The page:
Let me interject that I am not starting a rant on the sorry state of massage education in the U.S.! There is much superb massage schooling available to the ever-increasing numbers of potential students. What I am saying is that I believe there is much too much disparity in the levels of educational quality within any given state, and certainly among states. I see two causes of this phenomenon. First, precious few instructors of massage therapy have had any formal training in education, other than an in-house qualification program. Second, a massage school that markets effectively can succeed financially without obtaining institutional and/or programmatic accreditation.
The scarcity of experienced teachers is problematic for students and school owners alike. The inability to hire enough individuals capable of meeting appropriate guidelines forces schools to staff positions with less than desirable candidates. In my state, an instructor must possess the following qualifications to teach in a post-secondary private vocational institution:
These qualifications are very similar to those in many other states. While the situation of last year's student being this year's teacher is not as prevalent as it was several years ago, I feel certain that many of today's massage instructors have neither a teaching credential nor five years experience. It is my observation that regulators overseeing post-secondary education tend not place much emphasis on proprietary vocational schoolteacher qualifications.
The lack of ubiquitous school accreditation compounds this problem. I applaud those schoolowners who go the extra mile and spend the extra money to have their institutions and programs accredited by valid accrediting bodies. While there are many unaccredited schools providing superior education, it is my opinion that the accredited schools are those that best:
I find that ill-trained massage therapists are not just a problem to be solved by a free market economy. These therapists are a problem for your practice and my practice. Today's clients walk in the door with expectations they didn't have 10 or 15 years ago. We have made great strides in educating the public on the benefits of massage therapy. A colleague I was speaking to by telephone mentioned that potential clients have the expectation that we, as massage therapists, have viable protocols for the management of muscular dysfunction and can pull from a large tool bag of options to benefit our clients. Even clients booking appointments for the more pampering aspects of our trade frequently present with low back and/or neck issues that need to be addressed before they can relax on the table. Therapists who aren't competitive in ability and provide less- than-expected service can turn clients off massage therapy forever. On the other hand, if they lack the knowledge and ability because they were never taught properly, how much can we blame them?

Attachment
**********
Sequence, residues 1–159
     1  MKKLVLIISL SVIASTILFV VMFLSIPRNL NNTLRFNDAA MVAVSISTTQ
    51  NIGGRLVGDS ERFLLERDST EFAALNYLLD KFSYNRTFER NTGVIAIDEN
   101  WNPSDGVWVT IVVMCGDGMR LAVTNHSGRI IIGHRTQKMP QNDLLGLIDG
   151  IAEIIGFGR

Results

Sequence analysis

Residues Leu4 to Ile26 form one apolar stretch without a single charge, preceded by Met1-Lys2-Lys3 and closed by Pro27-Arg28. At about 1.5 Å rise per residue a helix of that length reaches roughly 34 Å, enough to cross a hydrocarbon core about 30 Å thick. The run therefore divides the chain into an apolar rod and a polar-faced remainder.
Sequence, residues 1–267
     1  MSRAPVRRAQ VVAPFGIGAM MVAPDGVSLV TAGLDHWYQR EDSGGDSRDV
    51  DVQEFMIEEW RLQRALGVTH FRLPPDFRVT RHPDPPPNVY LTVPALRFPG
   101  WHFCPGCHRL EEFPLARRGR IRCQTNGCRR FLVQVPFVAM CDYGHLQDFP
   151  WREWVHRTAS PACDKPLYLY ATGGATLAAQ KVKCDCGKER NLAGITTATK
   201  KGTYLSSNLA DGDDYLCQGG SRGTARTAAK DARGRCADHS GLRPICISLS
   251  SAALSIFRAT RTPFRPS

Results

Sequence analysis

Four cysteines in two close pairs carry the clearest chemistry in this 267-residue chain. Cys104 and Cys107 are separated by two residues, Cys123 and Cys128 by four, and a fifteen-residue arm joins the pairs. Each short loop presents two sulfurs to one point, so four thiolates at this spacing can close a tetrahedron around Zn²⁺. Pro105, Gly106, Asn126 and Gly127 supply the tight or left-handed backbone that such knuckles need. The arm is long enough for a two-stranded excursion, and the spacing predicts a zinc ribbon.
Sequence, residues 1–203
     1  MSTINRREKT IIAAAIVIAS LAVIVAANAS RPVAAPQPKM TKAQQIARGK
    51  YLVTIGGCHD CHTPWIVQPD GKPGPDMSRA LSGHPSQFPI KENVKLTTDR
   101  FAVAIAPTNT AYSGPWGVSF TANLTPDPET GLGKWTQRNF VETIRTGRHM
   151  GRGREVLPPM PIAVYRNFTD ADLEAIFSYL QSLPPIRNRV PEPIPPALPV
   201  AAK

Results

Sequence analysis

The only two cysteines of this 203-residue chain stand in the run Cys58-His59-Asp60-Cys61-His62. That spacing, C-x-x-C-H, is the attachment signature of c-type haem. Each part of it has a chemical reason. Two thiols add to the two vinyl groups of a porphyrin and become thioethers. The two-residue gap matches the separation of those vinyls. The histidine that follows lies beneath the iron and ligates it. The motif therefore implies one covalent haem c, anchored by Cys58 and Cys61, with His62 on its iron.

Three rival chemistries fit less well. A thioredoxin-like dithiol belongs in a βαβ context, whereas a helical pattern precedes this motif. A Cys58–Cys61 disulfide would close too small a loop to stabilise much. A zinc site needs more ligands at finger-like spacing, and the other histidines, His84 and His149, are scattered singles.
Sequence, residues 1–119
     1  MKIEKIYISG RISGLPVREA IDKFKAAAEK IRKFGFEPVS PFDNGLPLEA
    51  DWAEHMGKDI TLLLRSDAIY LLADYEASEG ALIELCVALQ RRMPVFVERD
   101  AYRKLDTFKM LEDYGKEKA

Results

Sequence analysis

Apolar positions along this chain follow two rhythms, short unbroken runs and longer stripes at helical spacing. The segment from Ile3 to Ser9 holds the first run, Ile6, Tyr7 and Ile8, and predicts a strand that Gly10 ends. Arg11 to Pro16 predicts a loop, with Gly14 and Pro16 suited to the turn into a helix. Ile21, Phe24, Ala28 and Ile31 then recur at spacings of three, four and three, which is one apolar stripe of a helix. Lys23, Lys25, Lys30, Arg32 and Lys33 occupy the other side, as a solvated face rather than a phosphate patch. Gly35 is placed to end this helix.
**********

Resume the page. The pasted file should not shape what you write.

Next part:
Kudos to those schools who are solving these problems every day!
Massage Today encourages letters to the editor to discuss matters relating to the publication's content. Letters may be published in a future issue of Massage Today. Please send all correspondence by e-mail to , or by regular mail to the address listed below:
Former editor of Massage Today, Cliff is owner of Windham Health Center Neuromuscular Therapy LLC. He is nationally certified in therapeutic massage & bodywork and is licensed as a massage therapist by the states of New Hampshire and Florida. Cliff is a member of the International Association of Healthcare Practitioners; a professional member and past president of the New Hampshire chapter of the American Massage Therapy Association; a certified member of the Associated Bodywork & Massage Professionals, Inc.; and a past chairman of the board of directors of the National Certification Board for Therapeutic Massage & Bodywork.